What Are the Causes of Cracks in Walls & Ceilings?

Updated February 21, 2017

Like an unwanted spider edging across the wall, a hairline crack appears, seemingly overnight, before creeping across the ceiling or downward to a door or window frame. Cracks can be superficial nuisances that occur soon after the completion of a new home, or they can be the result of a more serious problem. With modern drywall taping techniques, you can repair most cracks, but if you don't address the cause of the cracks, they can appear again -- in the same spots.

Soil Movement

Various issues can cause soil movement, which then results in foundation settling and cracks in the walls and ceilings. If the builder did not adequately compact the soil beneath the poured basement or around the basement walls, shifting may occur.

Improper yard grade can add to the problem. The soil should slope downward, away from the foundation. When it doesn't, water can pool next to the foundation, seeping down along the walls. When the soil dries, it can pull away from the wall, forming a gap. Subsequent saturation intensifies ground swell next to the foundation, putting undue pressure on the basement walls.

Proper drainage, guttering and downspouts and not planting next to the foundation can reduce moisture-related cracking.

Substandard Installation

Wall construction isn't rocket science, but a few mistakes can increase the risk of cracking. If the stud wall is not aligned, the drywall panel can bend slightly during installation, creating a weak spot that may crack. Incorrect wall framing for windows and doors can contribute to cracks that extend vertically from the window or door frame.

Climate Control Issues

Things expand when hot and contract when cold, and walls are no exception. In a home that's climate controlled, where temperatures do not vary greatly, wall studs and drywall panels are less likely to suffer from temperature-related cracks.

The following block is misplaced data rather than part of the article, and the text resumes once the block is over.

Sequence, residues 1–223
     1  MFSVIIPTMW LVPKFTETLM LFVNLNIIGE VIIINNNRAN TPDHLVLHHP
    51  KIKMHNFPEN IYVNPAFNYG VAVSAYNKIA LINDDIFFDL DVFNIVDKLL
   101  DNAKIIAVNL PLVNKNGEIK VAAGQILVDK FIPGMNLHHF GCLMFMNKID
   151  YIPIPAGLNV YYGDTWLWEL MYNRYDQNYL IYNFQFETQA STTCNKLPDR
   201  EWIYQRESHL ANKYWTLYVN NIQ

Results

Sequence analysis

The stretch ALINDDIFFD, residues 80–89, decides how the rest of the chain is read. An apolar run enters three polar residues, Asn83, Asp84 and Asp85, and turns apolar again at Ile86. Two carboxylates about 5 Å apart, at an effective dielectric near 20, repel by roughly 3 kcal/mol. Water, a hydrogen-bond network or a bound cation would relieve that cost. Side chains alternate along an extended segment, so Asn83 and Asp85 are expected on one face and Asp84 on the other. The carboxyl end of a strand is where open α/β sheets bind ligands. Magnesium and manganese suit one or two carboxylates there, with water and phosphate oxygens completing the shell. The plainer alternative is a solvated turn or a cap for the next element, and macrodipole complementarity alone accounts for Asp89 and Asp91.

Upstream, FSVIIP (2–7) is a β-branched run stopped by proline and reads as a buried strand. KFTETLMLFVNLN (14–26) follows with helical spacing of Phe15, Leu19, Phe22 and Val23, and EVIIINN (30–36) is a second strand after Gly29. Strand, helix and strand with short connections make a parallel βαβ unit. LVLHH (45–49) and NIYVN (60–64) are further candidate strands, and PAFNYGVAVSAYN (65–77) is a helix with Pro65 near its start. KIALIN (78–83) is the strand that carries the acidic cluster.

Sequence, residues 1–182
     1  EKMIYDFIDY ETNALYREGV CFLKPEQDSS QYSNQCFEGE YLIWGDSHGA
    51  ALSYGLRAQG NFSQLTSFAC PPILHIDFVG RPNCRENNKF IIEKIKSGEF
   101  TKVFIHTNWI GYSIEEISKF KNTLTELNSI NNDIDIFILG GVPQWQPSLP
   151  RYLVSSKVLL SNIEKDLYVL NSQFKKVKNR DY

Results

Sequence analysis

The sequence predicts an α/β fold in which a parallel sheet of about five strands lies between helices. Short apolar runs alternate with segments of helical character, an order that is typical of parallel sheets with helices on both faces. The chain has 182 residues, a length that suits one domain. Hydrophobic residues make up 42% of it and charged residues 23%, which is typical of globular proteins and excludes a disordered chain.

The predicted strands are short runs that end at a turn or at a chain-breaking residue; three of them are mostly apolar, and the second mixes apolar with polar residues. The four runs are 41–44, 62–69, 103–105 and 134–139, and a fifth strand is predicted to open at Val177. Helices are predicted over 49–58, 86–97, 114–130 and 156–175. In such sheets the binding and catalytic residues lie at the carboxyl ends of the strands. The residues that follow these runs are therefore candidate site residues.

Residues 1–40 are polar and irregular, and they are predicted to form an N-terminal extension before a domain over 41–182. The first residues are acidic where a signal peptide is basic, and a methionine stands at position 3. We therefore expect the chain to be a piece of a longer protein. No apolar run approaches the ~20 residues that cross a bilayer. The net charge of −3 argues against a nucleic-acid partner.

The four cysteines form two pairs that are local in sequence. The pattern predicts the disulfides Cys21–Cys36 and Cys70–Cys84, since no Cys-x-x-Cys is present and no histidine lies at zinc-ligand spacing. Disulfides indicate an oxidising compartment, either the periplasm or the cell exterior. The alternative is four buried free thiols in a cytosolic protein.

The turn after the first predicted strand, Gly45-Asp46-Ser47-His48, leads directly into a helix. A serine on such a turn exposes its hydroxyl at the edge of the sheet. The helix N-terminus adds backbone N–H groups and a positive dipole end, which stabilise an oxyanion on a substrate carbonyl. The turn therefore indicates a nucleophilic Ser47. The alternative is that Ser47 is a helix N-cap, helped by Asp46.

New Home Cracks

Finding hairline cracks in new home walls and ceilings is not unusual, especially if the builder constructs the home quickly. A new home contains a number of moisture sources, which can create high humidity levels indoors. When the humidity drops, the drywall can contract and crack. These cracks are usually minimal and easily repaired.

Newly poured concrete takes a while to completely cure. While it's drying out over a period of weeks, it releases moisture into the air. Another source of high humidity in the home comes from joint compound and paint. Used to finish out drywall, joint compound releases moisture into the air as it dries. Paint also releases some moisture.

Leaving windows and doors open during construction can help reduce indoor humidity, and running an air conditioner or a heater after the finish is in place will also help.

Loose Tape

Tape looks a lot like a crack, but it's not. The drywall contractor applies paper tape over wet joint compound when he's finishing out the drywall panels. Sometimes, there is insufficient compound to seal the tape in place, and the edge of the tape can come loose, making it look like the wall has a crack. Retaping the joint will fix the problem.

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About the Author

Glenda Taylor is a contractor and a full-time writer specializing in construction writing. She also enjoys writing business and finance, food and drink and pet-related articles. Her education includes marketing and a bachelor's degree in journalism from the University of Kansas.